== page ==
Jenny Holzer, Times Square Sign, 1982
The language of Truisms, obdurate and internally consistent, heralded a voice that is striking not least for its paradoxical anonymity. Truisms pull no punches and as the title suggests, seem to reflect wisdom long since received.
Hal Foster, writing in 1982, called Trusims “verbal anarchy in the streets.” For Holzer, “language is the site of pure conflict.” The Trusims as a whole express a simple truth: that truth is created through contradictions.” In an article that linked Holzer with Barbara Kruger, Foster cited Roland Barthes, articulating that, both artists, follow Barthesian precepts to the extent that they “accept the status of art as a social sign engaged with other signs”. And they both embody Barthes’ notion of the writer, which as Barthes described, is “not the possessor of a function or the servant of an art, but the subject of praxis. Someone who must have the persistence of a watcher who stands at the crossroads of all other discourses. The quality of these statements that has most attracted critical attention is how difficult they make it for readers to determine their author’s position. Holzer stated ” I wanted to highlight those thoughts and topics that polarize people, but not choose sides.”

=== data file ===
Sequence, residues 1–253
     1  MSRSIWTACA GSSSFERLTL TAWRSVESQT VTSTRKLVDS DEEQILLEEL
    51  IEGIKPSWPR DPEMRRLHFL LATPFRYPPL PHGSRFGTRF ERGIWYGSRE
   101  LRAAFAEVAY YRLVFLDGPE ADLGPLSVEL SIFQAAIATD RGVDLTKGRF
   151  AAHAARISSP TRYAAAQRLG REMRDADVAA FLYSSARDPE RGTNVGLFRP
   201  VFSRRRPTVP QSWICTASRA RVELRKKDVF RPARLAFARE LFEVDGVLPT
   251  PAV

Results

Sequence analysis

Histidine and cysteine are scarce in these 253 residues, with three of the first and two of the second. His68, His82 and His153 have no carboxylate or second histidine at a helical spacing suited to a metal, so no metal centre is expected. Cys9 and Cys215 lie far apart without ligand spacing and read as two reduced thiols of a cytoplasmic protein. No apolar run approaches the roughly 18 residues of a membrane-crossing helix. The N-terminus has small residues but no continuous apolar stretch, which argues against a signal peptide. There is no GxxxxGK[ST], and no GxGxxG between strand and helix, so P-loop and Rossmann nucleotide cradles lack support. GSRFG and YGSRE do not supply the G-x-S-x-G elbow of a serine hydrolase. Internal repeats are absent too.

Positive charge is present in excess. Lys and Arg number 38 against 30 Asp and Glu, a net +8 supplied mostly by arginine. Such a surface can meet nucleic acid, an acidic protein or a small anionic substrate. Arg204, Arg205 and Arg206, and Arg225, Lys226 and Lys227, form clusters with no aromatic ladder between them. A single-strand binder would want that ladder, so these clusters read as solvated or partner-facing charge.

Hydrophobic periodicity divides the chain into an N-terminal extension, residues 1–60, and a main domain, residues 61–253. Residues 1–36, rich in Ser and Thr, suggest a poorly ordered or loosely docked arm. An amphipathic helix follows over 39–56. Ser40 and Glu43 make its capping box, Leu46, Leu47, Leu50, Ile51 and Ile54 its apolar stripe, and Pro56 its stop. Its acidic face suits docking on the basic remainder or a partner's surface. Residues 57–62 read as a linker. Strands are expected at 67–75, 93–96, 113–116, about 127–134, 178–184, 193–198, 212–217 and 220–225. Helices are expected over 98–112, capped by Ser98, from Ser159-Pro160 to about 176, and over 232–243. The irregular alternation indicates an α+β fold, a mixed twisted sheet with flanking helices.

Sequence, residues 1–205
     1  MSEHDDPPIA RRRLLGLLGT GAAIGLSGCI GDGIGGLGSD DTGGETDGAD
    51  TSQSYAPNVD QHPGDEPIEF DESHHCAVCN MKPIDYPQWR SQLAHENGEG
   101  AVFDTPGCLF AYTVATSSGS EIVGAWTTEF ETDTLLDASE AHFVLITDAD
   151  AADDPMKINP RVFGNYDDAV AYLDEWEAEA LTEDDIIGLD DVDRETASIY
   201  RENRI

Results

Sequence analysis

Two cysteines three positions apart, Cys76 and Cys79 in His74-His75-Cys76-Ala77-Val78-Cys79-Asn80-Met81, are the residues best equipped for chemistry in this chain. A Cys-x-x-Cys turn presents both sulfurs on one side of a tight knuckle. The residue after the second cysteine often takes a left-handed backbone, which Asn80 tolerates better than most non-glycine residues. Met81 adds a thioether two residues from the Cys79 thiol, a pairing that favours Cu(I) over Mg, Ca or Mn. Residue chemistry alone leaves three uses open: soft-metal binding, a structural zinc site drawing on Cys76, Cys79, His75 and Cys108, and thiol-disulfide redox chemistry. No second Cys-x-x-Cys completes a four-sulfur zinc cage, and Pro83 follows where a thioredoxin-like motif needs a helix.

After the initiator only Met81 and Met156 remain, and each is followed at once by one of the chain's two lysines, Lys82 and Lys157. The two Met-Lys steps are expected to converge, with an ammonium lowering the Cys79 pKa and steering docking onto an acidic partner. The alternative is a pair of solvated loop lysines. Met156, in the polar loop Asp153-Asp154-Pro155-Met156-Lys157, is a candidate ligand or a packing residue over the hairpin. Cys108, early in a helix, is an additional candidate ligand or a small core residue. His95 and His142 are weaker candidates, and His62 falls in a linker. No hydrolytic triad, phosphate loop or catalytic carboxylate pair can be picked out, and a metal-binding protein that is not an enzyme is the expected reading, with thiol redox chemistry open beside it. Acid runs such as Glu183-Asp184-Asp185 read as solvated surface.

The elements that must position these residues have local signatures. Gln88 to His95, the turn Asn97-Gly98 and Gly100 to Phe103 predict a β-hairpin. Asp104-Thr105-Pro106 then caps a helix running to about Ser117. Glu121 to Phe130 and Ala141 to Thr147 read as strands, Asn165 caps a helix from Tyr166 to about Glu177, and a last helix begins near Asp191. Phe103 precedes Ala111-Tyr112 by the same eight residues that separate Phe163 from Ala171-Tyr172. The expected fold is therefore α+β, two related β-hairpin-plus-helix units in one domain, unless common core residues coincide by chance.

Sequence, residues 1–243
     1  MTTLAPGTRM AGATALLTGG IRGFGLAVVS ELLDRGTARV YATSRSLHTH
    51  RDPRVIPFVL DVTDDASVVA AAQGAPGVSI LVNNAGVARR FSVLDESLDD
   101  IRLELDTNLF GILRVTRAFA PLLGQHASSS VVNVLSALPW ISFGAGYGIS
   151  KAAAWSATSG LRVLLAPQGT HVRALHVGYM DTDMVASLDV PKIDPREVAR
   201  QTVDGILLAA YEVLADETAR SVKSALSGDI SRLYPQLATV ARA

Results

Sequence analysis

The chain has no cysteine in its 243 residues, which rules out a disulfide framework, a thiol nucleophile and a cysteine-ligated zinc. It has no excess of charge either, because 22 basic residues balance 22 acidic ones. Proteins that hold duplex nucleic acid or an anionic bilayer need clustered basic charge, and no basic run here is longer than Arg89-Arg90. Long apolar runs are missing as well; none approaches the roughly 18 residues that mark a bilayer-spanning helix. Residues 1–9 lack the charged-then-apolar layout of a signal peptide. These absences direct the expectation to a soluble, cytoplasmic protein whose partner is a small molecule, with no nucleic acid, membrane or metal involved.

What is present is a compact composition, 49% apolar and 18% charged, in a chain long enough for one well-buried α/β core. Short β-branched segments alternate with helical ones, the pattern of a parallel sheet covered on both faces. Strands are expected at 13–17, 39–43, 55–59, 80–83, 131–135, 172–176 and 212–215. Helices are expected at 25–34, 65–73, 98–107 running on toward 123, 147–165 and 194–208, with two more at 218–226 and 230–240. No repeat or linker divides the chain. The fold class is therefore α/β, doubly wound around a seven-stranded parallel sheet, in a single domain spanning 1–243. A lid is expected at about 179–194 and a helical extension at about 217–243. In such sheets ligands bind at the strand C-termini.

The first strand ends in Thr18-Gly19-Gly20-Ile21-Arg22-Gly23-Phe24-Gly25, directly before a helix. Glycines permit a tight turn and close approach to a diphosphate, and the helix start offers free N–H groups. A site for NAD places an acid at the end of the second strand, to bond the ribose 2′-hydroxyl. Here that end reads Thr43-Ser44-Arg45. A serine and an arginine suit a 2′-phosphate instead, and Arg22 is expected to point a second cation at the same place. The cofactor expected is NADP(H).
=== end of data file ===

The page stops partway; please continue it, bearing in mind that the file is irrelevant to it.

Holzer summarized in 1990. “I hope”, she concluded. “that my work is useful.”